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Cablegate: Tunisian Insurance Sector Liberalized, in Theory

VZCZCXRO0944
PP RUEHDE RUEHTRO
DE RUEHTU #0328/01 0930908
ZNR UUUUU ZZH
P 020908Z APR 08
FM AMEMBASSY TUNIS
TO RUEHC/SECSTATE WASHDC PRIORITY 4725
INFO RUEHAS/AMEMBASSY ALGIERS PRIORITY 7660
RUEHEG/AMEMBASSY CAIRO PRIORITY 1593
RUEHLO/AMEMBASSY LONDON PRIORITY 1452
RUEHNK/AMEMBASSY NOUAKCHOTT PRIORITY 0986
RUEHFR/AMEMBASSY PARIS PRIORITY 1919
RUEHRB/AMEMBASSY RABAT PRIORITY 8538
RUEHTRO/AMEMBASSY TRIPOLI PRIORITY 0225
RUEHCL/AMCONSUL CASABLANCA PRIORITY 4216
RUEHDE/AMCONSUL DUBAI PRIORITY 0155
RUEATRS/DEPT OF TREASURY WASHINGTON DC PRIORITY
RUCPDOC/USDOC WASHDC PRIORITY

UNCLAS SECTION 01 OF 02 TUNIS 000328

SIPDIS

SENSITIVE
SIPDIS

STATE FOR NEA/MAG (HARRIS)
STATE PASS USTR (BURKHEAD)
USDOC FOR ITA/MAC/ONE (NATHAN MASON), ADVOCACY CTR
(REITZE), AND CLDP (TEJTEL AND MCMANUS)
CASABLANCA FOR FCS (ORTIZ)
CAIRO FOR FINANCIAL ATTACHE (SEVERENS)
LONDON AND PARIS FOR NEA WATCHER

E.O. 12958: N/A
TAGS: ECON EFIN ETRD EINV TS
SUBJECT: TUNISIAN INSURANCE SECTOR LIBERALIZED, IN THEORY

-------
Summary
-------

1. (SBU) New legislation liberalizing the Tunisian insurance
sector now permits 100 percent foreign ownership of insurance
companies. However, President of the General Commission for
Insurance Abdellatif Chabaane told American International
Group, Inc. (AIG) Assistant Vice President for the Middle
East Youil Homsi that he did not intend to grant any new
licenses for insurance companies. Even without a new
license, AIG is studying entry into the Tunisian market
through the purchase of or merger with an existing Tunisian
insurer. End Summary.

-------------------------
Liberalization, in Theory
-------------------------

2. (SBU) On February 13, the GOT passed new legislation which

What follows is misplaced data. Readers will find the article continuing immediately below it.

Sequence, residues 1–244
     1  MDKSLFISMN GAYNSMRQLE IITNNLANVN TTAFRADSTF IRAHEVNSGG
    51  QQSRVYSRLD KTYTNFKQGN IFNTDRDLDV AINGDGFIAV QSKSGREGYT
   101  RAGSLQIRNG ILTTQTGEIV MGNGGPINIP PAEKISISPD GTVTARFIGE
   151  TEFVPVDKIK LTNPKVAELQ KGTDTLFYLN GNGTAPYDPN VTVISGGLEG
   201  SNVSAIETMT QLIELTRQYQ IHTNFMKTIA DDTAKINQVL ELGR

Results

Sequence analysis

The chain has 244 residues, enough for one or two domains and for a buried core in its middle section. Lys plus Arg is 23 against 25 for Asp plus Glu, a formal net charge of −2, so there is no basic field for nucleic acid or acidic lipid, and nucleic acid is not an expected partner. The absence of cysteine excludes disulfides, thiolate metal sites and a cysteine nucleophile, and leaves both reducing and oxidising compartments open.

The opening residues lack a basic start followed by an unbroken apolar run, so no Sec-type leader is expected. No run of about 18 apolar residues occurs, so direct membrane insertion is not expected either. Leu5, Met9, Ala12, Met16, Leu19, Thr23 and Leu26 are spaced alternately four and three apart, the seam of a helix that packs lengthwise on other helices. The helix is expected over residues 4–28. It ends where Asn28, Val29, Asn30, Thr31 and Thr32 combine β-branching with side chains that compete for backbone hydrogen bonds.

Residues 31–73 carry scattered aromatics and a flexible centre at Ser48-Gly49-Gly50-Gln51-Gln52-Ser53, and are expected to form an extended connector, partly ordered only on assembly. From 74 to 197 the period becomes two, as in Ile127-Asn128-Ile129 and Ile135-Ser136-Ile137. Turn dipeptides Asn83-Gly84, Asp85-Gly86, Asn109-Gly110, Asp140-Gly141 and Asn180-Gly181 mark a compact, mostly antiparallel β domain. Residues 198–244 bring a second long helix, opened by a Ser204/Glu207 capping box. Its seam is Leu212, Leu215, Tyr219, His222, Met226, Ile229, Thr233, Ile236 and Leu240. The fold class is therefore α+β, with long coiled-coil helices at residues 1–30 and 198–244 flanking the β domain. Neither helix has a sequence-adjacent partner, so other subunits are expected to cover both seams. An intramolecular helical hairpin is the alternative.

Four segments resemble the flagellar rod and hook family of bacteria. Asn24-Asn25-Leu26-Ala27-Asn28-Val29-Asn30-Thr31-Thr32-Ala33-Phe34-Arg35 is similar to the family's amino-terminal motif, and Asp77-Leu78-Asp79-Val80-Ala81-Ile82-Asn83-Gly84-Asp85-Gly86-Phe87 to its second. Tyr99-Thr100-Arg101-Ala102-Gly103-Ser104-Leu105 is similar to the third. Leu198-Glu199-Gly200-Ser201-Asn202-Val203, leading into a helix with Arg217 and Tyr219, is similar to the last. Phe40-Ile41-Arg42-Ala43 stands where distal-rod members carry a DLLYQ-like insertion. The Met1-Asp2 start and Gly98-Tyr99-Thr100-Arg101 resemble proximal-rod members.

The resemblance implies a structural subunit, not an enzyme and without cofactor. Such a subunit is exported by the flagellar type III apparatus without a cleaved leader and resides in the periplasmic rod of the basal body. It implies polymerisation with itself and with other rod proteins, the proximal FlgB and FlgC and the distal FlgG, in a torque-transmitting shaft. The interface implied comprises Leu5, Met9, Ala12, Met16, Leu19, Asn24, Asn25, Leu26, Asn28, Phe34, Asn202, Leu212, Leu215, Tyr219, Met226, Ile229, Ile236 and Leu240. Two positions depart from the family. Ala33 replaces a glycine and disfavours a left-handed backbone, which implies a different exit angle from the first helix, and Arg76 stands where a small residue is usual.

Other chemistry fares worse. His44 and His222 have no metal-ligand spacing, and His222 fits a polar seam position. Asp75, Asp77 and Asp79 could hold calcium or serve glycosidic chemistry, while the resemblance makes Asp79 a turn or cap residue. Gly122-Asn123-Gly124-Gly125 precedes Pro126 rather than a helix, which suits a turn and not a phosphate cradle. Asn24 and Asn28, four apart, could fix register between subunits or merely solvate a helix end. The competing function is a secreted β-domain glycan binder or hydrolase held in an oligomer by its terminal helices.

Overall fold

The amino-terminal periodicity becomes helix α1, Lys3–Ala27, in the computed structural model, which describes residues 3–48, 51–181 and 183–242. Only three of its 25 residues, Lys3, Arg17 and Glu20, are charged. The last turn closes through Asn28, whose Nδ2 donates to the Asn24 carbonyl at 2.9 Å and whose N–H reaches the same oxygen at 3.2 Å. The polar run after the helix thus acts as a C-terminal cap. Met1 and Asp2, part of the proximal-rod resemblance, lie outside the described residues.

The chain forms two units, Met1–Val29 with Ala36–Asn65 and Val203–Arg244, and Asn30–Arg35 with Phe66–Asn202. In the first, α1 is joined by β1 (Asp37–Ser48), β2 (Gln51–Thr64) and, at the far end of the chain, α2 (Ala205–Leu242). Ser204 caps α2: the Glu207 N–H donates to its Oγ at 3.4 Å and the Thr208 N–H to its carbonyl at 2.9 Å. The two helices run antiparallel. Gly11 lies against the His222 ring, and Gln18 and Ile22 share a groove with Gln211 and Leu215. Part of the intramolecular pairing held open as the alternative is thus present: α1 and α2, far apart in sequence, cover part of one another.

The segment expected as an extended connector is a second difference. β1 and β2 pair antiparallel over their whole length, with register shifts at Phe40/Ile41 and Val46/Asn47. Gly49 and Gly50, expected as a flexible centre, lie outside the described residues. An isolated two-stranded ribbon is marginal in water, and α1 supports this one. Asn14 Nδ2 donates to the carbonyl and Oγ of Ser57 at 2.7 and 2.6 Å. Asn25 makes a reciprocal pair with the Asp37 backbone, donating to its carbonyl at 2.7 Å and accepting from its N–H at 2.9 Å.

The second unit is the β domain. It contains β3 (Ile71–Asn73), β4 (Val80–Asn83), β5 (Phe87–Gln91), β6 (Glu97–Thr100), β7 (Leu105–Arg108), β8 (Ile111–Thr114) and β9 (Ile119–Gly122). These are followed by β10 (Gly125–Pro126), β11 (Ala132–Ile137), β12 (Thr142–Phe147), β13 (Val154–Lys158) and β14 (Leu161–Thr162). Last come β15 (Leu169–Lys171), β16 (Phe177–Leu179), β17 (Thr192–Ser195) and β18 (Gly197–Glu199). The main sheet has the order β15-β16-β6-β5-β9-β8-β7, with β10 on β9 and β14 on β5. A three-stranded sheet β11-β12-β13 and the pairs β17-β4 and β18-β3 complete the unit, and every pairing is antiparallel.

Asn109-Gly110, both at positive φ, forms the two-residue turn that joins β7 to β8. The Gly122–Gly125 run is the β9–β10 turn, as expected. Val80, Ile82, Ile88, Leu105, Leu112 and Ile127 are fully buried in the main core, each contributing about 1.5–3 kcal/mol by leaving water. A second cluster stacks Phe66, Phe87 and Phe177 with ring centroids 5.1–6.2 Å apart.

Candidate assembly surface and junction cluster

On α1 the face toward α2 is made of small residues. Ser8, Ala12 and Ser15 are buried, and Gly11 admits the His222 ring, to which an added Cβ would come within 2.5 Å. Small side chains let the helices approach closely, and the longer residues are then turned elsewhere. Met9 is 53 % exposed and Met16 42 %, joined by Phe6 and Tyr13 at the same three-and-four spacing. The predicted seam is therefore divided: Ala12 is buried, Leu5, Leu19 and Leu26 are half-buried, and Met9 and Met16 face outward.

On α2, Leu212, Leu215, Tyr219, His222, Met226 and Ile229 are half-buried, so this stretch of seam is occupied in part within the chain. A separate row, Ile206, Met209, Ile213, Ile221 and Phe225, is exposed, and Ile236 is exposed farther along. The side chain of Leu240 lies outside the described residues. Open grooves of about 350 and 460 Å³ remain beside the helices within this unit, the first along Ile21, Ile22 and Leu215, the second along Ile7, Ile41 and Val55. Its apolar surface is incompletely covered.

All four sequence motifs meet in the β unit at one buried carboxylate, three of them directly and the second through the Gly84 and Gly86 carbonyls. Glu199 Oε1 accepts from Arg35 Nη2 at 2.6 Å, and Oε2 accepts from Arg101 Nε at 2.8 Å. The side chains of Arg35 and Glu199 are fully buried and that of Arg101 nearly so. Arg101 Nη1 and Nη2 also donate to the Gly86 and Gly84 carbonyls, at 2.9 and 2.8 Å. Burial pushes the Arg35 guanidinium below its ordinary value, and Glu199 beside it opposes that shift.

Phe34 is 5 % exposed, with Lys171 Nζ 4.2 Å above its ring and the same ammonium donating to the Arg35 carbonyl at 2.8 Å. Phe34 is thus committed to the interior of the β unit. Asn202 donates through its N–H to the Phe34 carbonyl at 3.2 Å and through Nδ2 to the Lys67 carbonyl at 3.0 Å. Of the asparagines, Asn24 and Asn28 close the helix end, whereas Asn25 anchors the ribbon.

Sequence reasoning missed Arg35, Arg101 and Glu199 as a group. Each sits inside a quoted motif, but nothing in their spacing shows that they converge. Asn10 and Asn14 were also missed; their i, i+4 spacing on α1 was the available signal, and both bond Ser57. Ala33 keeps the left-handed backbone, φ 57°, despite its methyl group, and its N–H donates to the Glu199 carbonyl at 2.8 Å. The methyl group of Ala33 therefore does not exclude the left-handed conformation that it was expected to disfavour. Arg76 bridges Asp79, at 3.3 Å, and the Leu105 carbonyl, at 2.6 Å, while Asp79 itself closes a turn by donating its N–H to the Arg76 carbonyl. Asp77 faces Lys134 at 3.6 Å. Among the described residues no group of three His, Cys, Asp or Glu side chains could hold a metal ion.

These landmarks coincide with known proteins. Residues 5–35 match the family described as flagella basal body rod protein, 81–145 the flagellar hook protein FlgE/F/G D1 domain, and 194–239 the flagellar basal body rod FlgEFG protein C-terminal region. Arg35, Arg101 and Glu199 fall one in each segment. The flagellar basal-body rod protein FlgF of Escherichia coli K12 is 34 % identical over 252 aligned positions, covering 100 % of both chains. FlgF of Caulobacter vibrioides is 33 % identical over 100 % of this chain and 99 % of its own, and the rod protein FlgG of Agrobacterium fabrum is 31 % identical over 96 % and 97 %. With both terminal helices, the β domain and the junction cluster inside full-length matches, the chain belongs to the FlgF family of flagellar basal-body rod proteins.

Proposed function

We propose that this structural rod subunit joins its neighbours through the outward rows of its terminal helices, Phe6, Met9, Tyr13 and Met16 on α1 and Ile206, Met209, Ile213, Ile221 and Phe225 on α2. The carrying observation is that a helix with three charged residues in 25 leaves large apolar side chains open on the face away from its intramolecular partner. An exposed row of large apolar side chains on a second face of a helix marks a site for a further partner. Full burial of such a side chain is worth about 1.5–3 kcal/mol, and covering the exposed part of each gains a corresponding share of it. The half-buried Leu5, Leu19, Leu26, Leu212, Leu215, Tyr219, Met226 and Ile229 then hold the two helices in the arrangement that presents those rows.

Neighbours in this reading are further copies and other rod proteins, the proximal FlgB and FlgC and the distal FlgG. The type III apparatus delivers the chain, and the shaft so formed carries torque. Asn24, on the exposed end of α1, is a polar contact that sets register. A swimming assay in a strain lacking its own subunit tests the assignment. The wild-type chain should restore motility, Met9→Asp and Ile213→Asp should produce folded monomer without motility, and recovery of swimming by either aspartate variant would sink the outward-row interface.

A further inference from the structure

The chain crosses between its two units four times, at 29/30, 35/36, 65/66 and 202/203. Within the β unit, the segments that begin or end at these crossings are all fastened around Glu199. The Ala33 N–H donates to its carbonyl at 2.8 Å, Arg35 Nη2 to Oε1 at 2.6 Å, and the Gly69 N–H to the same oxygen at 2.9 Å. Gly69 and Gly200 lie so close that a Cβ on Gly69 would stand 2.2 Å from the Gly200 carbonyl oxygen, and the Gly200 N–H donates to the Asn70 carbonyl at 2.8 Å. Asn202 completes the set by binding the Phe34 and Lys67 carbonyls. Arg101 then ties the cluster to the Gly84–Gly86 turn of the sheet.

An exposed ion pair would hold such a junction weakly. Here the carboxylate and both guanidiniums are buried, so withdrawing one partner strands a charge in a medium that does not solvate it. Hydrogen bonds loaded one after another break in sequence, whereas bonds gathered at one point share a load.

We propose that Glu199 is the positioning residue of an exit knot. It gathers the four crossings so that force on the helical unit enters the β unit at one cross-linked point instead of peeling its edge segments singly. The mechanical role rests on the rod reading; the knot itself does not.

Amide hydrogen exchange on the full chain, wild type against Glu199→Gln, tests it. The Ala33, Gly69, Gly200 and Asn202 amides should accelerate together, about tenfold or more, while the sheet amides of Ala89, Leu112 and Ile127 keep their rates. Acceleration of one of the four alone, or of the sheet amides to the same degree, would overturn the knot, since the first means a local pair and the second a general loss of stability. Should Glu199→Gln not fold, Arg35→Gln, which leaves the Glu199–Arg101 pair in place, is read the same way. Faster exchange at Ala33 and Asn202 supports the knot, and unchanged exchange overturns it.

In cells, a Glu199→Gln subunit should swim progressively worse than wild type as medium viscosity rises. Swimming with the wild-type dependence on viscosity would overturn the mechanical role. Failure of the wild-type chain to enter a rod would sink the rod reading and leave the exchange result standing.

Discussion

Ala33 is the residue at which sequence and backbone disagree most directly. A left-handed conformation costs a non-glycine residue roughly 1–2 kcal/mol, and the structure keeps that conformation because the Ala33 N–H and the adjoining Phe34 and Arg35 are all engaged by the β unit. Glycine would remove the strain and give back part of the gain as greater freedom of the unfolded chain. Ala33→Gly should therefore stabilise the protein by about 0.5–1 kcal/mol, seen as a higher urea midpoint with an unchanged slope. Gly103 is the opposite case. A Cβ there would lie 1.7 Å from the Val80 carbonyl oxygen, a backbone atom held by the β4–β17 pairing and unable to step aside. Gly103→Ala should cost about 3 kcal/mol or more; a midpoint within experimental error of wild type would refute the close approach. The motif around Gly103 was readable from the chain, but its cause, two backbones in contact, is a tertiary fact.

permits 100 percent foreign ownership in the insurance
sector. Prior to the legislation, foreign participation was
limited to 49 percent of total capital. According to the new
legislation, licenses for new insurance companies must be
granted by the General Commission for Insurance. During a
March 26 meeting with the Ambassador, AIG Assistant Vice
President for the Middle East Youil Homsi recounted a recent
meeting he had with President of the General Commission for
Insurance Abdellatif Chabaane. Although Chabaane was open to
AIG investment in Tunisia, he told Homsi he did not intend to
grant any new licenses for insurance companies, effectively
preventing the entry of any new foreign companies except
through purchase or merger. Chabaane told Homsi that the
market is too small to grant new licenses and advised AIG to
purchase or merge with an existing insurance company. Homsi
expressed concern that the Commission would act much as a
similar commission in Morocco, which he alleged blocks
foreign investment and protects local insurers. However,
Homsi told the Ambassador that even without a new license,
AIG was still interested in entering the market through
purchase or merger, and that he was in discussion with a
Tunisian bank.

----------------------------------------
Growth Potential with Potential Problems
----------------------------------------

3. (SBU) Homsi stated that AIG was "keen" to enter Tunisia
and that Algeria and Libya were also priorities. He remarked
that he was surprised to see the level and maturity of
Tunisia's insurance market, but that there was still
tremendous growth potential in life insurance. Homsi noted
that current regulations restrict insurance company assets to
Tunisian dinar-denominated and Tunisia-based investments. He
stressed that this regulation limits insurance companies to
Tunisian real estate and bank deposits, both of which have
low rates of return. Given the importance of diversification
for long-term investments, Homsi hoped that the restriction
would be eased to permit a certain portion to be invested in
the more sophisticated markets of the United States or
Europe. He emphasized that this would not impact the balance
of payments or the currency.

-------
Comment
-------

4. (SBU) AIG had expressed interest in the Tunisian market in
2007 prior to the new insurance legislation and without any
anticipation that the insurance market would be liberalized.
For AIG, the timing is certainly fortuitous; we hope that AIG
will be able to take advantage of this new opening. However,
the ability of the insurance commission to reject the entry

TUNIS 00000328 002 OF 002


of new companies may make this liberalization more
theoretical than practical. The entry of a major
multinational insurer would increase growth in the sector and
ultimately, benefit Tunisian consumers and businesses -- a
message we will stress in our meetings with the GOT.

Please visit Embassy Tunis' Classified Website at:
http://www.state.sgov.gov/p/nea/tunis/index.c fm
GODEC

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